Tesoro residents sound off about traffic implications of proposed housing plan

Tesoro project site.


More than 50 people showed up to a public hearing Thursday night about plans to add 820 homes to the Tesoro community, many expressing concerns about the implication of increased traffic.

After Michael Schlesinger, vice president of community development for the Bristol Land Company, explained to the group gathered at Tesoro Del Valle Elementary School what The Highlands project would mean, only a couple of the dozen speakers spoke out against the development.

Most focused their attention on the impact that 820 homes would have on, what many residents described as, an already harrowing experience, driving in and out of Tesoro.

The project is planned for northwest of the existing Tesoro community, north of Copper Hill Drive—opposite the Albertsons store.

After praising the developer for engaging the Tesoro community “for several years,” Richard Galway, spokesman for the Tesoro Del Valle Master Homeowners Association said: “Getting in and out of our community is a major concern for our homeowners.”

To that end, Galway went on record with representatives of the Los Angeles County Department of Regional Planning in charge of the hearing, asking the developer to conduct further study into the implications of increased traffic.

Resident Dan O’Connell called for the developer to study and report back on the cumulative effect of increased traffic in light of other ongoing housing projects, drawing particular attention to the 21,000 homes being built as part of the Newhall Ranch project.

“I see that you analyzed data from this project but not from the other projects,” he said. “You’re supposed to have cumulative impacts in the report.”

The “report” referred to at the meeting was the developer’s Draft Supplemental Environmental Impact Report, which includes “aesthetic and traffic impacts.”

“The environment includes the I-5 freeway as it goes through the Newhall Pass,” O’Connell said.

“That’s a lot of traffic. My history as a real estate appraiser has given me a front row seat to the decline in our quality of life,” he said. “What happened in the San Fernando Valley is going to happen here.”

One man called traffic in Tesoro, “horrible,” and the man who spoke after him called it, “just ridiculous.”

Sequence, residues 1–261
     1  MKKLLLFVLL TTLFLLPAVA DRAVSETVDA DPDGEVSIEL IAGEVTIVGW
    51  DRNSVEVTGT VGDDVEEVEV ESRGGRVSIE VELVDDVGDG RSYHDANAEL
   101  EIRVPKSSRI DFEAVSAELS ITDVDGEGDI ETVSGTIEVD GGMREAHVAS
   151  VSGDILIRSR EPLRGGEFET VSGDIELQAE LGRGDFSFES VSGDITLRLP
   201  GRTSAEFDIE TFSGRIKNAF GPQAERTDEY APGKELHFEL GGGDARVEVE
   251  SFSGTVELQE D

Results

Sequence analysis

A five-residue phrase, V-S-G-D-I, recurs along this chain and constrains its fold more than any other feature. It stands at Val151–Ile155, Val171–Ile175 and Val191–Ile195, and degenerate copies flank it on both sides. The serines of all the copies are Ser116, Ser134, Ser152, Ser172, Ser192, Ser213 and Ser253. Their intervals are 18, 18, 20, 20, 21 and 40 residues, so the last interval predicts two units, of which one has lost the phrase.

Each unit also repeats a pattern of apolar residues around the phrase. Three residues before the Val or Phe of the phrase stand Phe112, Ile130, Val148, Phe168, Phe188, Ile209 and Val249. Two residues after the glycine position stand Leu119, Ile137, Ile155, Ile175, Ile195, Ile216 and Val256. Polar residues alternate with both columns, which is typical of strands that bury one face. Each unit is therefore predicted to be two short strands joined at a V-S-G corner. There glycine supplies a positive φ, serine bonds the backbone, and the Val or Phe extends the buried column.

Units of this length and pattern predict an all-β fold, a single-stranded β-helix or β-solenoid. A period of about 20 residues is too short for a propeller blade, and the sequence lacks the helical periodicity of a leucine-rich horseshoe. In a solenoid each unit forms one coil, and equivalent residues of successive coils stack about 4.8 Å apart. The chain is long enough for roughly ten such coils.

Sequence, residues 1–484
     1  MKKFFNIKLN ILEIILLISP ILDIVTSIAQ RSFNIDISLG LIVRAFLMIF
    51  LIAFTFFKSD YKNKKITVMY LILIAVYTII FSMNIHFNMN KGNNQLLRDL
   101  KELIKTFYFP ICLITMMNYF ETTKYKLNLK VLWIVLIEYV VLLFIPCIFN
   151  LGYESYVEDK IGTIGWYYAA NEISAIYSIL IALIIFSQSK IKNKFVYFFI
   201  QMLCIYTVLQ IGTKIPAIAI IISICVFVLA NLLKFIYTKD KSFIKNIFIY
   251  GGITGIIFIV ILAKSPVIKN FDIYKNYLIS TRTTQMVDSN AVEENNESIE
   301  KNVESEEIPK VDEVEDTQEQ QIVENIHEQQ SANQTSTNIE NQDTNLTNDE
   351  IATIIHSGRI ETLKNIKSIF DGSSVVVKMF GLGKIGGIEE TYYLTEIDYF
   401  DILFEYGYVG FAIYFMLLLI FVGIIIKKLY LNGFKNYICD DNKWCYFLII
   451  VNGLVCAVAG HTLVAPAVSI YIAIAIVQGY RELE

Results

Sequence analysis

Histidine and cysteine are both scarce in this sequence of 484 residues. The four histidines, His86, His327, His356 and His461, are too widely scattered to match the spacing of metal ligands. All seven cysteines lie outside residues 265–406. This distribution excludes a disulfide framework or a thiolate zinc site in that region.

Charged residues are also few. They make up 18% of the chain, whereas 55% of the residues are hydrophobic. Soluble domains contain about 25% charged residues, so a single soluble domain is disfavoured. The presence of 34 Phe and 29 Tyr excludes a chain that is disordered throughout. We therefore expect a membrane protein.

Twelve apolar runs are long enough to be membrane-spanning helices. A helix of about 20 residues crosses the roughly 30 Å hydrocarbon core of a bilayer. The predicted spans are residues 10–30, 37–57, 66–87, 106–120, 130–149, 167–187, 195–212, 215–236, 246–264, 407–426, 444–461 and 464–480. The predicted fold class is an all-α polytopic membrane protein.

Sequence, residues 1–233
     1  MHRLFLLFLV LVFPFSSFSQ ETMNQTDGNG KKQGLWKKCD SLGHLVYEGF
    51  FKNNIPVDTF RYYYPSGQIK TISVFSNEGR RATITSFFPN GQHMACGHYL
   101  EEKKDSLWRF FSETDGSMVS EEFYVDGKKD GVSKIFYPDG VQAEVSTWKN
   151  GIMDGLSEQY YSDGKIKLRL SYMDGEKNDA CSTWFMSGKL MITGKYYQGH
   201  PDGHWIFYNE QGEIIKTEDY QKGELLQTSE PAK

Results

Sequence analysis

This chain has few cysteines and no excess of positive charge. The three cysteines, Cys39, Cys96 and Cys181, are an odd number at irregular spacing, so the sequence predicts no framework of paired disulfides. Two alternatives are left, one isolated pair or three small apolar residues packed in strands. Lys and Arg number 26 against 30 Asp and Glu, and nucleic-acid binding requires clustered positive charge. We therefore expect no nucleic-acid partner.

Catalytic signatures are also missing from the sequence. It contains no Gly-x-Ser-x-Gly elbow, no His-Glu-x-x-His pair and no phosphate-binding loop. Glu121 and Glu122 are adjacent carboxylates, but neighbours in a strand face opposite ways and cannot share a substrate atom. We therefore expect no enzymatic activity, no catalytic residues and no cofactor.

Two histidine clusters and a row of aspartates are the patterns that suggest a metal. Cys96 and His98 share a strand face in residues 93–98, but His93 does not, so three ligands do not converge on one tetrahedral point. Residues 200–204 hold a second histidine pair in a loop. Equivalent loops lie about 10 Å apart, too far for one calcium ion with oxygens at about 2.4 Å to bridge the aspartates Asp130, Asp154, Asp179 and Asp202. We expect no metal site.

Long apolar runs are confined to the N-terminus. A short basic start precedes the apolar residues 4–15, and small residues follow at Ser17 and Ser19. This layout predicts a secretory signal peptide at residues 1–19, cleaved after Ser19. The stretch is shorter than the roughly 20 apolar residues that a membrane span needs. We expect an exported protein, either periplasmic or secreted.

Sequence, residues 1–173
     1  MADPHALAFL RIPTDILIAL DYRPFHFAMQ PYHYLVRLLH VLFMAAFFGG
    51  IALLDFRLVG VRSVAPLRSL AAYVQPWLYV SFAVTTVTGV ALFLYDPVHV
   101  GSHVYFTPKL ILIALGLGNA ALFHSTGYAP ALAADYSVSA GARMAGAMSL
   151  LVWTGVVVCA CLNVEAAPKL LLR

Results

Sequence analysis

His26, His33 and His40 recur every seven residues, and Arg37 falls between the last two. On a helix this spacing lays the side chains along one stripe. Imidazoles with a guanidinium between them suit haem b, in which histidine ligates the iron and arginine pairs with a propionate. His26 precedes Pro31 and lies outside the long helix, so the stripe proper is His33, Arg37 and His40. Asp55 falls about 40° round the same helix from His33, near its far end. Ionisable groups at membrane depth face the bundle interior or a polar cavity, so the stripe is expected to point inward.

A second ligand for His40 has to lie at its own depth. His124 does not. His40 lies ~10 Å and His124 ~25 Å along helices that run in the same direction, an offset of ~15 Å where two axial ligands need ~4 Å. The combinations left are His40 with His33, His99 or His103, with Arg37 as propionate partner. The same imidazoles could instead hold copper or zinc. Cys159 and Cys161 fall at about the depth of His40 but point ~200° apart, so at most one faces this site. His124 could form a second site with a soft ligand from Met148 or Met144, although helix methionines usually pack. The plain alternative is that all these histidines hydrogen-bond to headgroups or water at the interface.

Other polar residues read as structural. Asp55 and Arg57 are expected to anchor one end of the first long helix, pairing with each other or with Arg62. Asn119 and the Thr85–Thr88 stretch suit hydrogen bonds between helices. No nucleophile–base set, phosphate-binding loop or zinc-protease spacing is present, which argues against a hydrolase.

Tesoro resident Laurie Swingle, who works in the Santa Clarita Valley, said she considered it unsafe to ride her bicycle to work.

“I used to be an avid cyclist, but I’ve given it up, because I value my life,” she said. “It’s exasperating.

“It’s a great place to ride a horse. It’s a great place to go mountain biking, but it’s not a great place to be a pedestrian,” she said.

Aside from the concern expressed over increased traffic, residents welcomed the revamped plan for Tesoro laid out by the developer.

“Their consideration of preserving open space convinced me that I, as a neighbor, can support this,” said Judy Reinsma.

Another resident praised the developer’s willingness to partner with the community and, “tailor their development.”

The Highlands housing project also calls for nine multi-family lots, 12 water quality basin lots, three water tank lots, one helipad lot, six senior recreation area  lots, six linear park lots and nine private park lots, a senior recreation center, 29 lots reserved for open space and 24 private driveways.

The project is north of Avenida Rancho Tesoro, and would require moving more than 18 million cubic yards of earth at the hilly site overlooking the San Francisquito Creek.

The terrain is described by planners as having slopes of 20 percent and greater.

Eleven oak trees would be cut down, for which the developer would need permission from Los Angeles County officials.

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